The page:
The mother testified she wanted to move with the children to better support them financially. She testified that the schools in Maine had a better student-to-teacher ratio, were better rated, and had more extra-curricular activities for the children. Moreover, the mother testified regarding a number of leisure activities that would be available to the children. She informed the trial court that the boys shared a room in Texarkana, but would each have there own room in Maine.
The mother testified that she and the father discussed him moving to Maine as well. In response, the father testified he had “seriously” considered moving, but decided against doing so.
The mother testified she had a good relationship with the father and did not want to take the boys away from him, but wanted “a better life for [them].” She testified that they could spend the holidays and summers with him. Further, the mother offered to pay for the children’s transportation to see their father and also agreed to fly him out for a long weekend in March or October. She said the father would actually have more visitation than he had under the agreed decree. She also said the boys could Facetime with the father.
Moreover, mother testified that the children’s insurance would cost less in Maine. A “highly recommended” specialist for one of the children would only be about 20 minutes away in Maine, but in Texas, they were required to travel to Dallas or Little Rock. Finally, the mother informed the trial court that one of the children received therapy for being bullied in Texas.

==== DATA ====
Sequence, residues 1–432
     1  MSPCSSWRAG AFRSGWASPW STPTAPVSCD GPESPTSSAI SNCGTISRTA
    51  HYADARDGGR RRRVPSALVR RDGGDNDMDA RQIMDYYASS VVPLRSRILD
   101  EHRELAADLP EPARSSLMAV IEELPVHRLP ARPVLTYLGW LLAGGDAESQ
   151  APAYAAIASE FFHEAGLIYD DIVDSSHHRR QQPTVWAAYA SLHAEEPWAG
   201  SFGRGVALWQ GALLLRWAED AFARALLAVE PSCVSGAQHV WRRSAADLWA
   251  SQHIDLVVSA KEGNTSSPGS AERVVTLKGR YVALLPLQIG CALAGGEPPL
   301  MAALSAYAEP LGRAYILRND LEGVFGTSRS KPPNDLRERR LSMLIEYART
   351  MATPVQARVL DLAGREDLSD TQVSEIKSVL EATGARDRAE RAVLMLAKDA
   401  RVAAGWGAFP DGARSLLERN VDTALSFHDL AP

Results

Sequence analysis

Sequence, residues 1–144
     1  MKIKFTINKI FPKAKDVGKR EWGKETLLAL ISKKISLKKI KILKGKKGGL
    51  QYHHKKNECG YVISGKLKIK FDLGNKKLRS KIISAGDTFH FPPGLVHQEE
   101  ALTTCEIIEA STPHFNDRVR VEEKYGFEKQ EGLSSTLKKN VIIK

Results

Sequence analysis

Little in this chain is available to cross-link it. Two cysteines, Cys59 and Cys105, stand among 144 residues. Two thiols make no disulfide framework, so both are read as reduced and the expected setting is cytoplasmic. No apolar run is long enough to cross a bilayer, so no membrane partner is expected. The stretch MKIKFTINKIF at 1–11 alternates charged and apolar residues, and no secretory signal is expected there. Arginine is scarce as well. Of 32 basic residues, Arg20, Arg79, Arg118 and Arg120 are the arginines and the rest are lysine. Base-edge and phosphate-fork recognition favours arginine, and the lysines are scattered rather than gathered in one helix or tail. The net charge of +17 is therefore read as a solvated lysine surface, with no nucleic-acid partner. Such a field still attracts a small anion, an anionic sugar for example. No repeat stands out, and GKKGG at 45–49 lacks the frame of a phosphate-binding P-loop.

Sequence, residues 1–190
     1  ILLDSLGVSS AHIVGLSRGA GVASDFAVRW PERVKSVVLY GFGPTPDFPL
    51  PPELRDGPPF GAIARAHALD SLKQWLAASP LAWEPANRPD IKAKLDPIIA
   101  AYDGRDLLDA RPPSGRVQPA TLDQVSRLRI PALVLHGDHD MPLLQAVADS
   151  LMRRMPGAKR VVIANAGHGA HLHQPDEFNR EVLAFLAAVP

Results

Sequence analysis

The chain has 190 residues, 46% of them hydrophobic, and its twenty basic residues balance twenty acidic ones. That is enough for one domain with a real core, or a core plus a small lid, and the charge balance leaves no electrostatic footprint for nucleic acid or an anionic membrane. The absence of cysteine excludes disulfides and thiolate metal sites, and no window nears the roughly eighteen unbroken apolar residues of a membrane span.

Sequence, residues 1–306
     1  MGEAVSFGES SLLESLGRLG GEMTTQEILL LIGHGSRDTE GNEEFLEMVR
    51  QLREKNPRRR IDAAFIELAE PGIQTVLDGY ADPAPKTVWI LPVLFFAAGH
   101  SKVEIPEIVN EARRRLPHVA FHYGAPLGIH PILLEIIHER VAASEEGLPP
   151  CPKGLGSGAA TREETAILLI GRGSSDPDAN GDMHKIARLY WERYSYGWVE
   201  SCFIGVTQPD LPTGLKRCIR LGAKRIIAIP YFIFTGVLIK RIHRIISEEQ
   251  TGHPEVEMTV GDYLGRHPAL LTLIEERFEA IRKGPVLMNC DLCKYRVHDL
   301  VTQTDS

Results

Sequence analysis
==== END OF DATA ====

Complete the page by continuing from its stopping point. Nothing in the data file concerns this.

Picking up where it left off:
Conversely, the father testified that both of the parties’ families were in Texas, and that he believed it was in the children’s best interest for them to regularly see him.
Ultimately, the appellate court gave deference to the trial court’s findings and determined the following: (1) the trial court could have found that the mother would assure the children’s frequent and continuing contact with the father, and that both parents would provide a safe and stable environment and also share in the rights and duties of parenting; (2) the trial court could have reasonably believed that the father would have more access to the children, that the children could video chat with family in Texas, and that the children would spend holidays and summers with the father and their family members n Texas; and (3) the trial court could have found that the father had the ability to relocate, that there were better schools and health care in Maine, and that the children would have a better life as a result of the mother’s change in financial circumstances if permitted to go to Maine.
After considering the relevant factors, the appeals court concluded that there was sufficient evidence for the trial court to exercise its discretion and that it did not err in rendering its modification.
The appeals court therefore affirmed the trial court’s judgment.
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Whether you are seeking or objecting to a custody modification, an experienced Dallas child custody lawyer can help. The court will consider the specific facts and circumstances involved in your case to determine if modification is appropriate. Call our offices to schedule a consultation to discuss your case.